The Remnant’s Plight
Speaking of Nock, this has me thinking about one of my favorite tropes of apocalyptic fiction: the nobody who becomes a warlord after the Fall. The Walking Dead’s Negan, the leader of the Saviors, was a gym teacher who took the lessons of the school yard and applied them to the new post-liberal order. In The Postman, General Bethlehem was a photocopier repairman before the White House burned at the battle of Georgetown.
One of the things I like about this plot device is the assumption that beneath the mild-mannered veneer of civilization lurk the barbarians, brutes, and big men nature intended some of us to be. Real life provides plenty of real-world examples of the same phenomenon. The mild-mannered clerk – or house painter – of the Weimar era becomes the sadistic bastard of the Nazi Reich when given the opportunity. The intellectual of Czarist Russia becomes the liquidator of Kulaks under the right incentives. The relatively decent working stiff becomes the bully of the cellblock when thrown behind bars.
Change the rules and you change the people.
Civilization isn’t just a noun, it’s a verb. The vast network of institutions – from families to churches to businesses and bowling leagues but also rules, traditions, and customs – mold the clay of human nature into certain forms. In one sense, clay is the wrong metaphor, because clay is too malleable (that’s why Immanuel Kant preferred the more poetic phrase “the crooked timber of humanity). But, in another sense, it’s just right. Clay that does not dry enough droops and bends with the pull of gravity. Clay that dries too much turns brittle and breaks under the right amount of pressure. So it is with human nature. The totalitarians never succeeded in making the New Aryan Man or the New Soviet Man, but they came close with a few people and they did lasting damage to millions more.
But here’s the thing: The same holds true for Liberal Man. We abide by the rules of the liberal order because we have been conditioned to do so by an intricate system of rules and institutions. Very few people are simply “born” classical liberals. Nock hinted at this when he said that you could only truly be a Nockian liberal if God or nature had already arranged the “the furniture of [your] mind” that way. Many of the kids we’re raising today are being trained to see liberalism as a tool of white supremacy or the patriarchy. Some will reject that; many won’t.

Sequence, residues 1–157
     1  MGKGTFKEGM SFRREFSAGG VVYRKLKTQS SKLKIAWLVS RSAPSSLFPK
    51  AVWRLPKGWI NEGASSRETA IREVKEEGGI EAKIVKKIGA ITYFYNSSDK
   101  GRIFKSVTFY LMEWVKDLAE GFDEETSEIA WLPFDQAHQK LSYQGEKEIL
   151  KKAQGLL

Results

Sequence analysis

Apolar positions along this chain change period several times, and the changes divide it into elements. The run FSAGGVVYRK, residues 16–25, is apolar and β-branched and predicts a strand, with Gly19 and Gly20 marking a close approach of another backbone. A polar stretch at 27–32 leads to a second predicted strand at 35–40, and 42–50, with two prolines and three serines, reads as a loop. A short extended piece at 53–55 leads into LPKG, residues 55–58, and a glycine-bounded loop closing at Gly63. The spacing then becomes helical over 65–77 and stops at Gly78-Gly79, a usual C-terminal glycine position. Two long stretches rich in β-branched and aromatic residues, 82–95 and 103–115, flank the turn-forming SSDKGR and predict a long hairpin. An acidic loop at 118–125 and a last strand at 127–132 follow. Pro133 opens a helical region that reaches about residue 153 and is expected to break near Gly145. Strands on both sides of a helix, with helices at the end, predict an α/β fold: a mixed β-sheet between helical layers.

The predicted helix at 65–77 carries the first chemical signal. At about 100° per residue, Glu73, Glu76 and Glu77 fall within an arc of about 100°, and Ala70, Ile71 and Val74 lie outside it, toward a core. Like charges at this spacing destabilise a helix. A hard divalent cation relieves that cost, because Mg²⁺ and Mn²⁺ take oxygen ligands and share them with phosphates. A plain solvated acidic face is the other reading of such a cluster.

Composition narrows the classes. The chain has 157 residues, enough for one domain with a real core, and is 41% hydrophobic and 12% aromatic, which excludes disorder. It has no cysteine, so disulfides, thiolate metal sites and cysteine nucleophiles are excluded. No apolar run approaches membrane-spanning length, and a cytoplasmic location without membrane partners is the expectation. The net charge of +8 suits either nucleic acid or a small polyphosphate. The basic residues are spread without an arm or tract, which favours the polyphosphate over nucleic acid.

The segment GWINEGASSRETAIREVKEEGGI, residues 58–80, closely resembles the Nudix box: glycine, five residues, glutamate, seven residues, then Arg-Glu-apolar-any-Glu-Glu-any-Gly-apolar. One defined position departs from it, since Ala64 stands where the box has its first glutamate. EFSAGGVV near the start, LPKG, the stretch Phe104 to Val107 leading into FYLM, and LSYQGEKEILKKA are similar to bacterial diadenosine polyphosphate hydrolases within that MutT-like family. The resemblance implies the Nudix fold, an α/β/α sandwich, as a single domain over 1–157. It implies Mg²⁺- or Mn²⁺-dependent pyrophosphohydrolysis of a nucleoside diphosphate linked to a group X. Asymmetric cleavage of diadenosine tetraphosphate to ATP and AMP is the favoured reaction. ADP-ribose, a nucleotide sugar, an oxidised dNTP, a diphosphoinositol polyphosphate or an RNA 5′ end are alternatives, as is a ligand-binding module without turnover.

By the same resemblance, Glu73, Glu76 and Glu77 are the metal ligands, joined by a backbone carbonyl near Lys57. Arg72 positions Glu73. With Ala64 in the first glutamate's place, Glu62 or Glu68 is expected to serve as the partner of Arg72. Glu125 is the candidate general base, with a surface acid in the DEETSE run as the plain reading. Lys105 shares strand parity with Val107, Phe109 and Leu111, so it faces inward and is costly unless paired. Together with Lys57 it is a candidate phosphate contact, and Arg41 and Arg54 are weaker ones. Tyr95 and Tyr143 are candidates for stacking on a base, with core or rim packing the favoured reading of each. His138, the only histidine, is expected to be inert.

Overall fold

I think one of the things that unsettles so many people about the present age is that we feel like we can see what lurks behind the frayed curtain of civilization more. For Trump critics, they see how weak the threads of “democratic norms” are and how strong the desire for a Big Man really is. Critics of the left see much the same thing in the rising tide of wokeness and socialism. The post-liberals on the right mirror the anti-liberals of the left and see some terrible wrong turn in the Enlightenment. Of course, “Wrong Turnism” was itself a popular Enlightenment era idea. It was Rousseau who said:
"The first man who, having enclosed a piece of ground, bethought himself of saying This is mine, and found people simple enough to believe him, was the real founder of civil society. From how many crimes, wars and murders, from how many horrors and misfortunes might not any one have saved mankind, by pulling up the stakes, or filling up the ditch, and crying to his fellows, "Beware of listening to this impostor; you are undone if you once forget that the fruits of the earth belong to us all, and the earth itself to nobody."
For the first time in my life, significant numbers of self-described conservatives are closer to Rousseau in this regard than they are to John Locke, who considered the dawn of private property to be the beginning of civilizational advancement, not the end of it.
All of the critiques of the liberal order today – that it is unjust and “rigged” racket rewarding the hidden string-pullers behind the scenes – are simply replays of Rousseau’s critiques of the Enlightenment itself. He believed the new liberals or philosophes had simply replaced the priests of yore for their own benefit.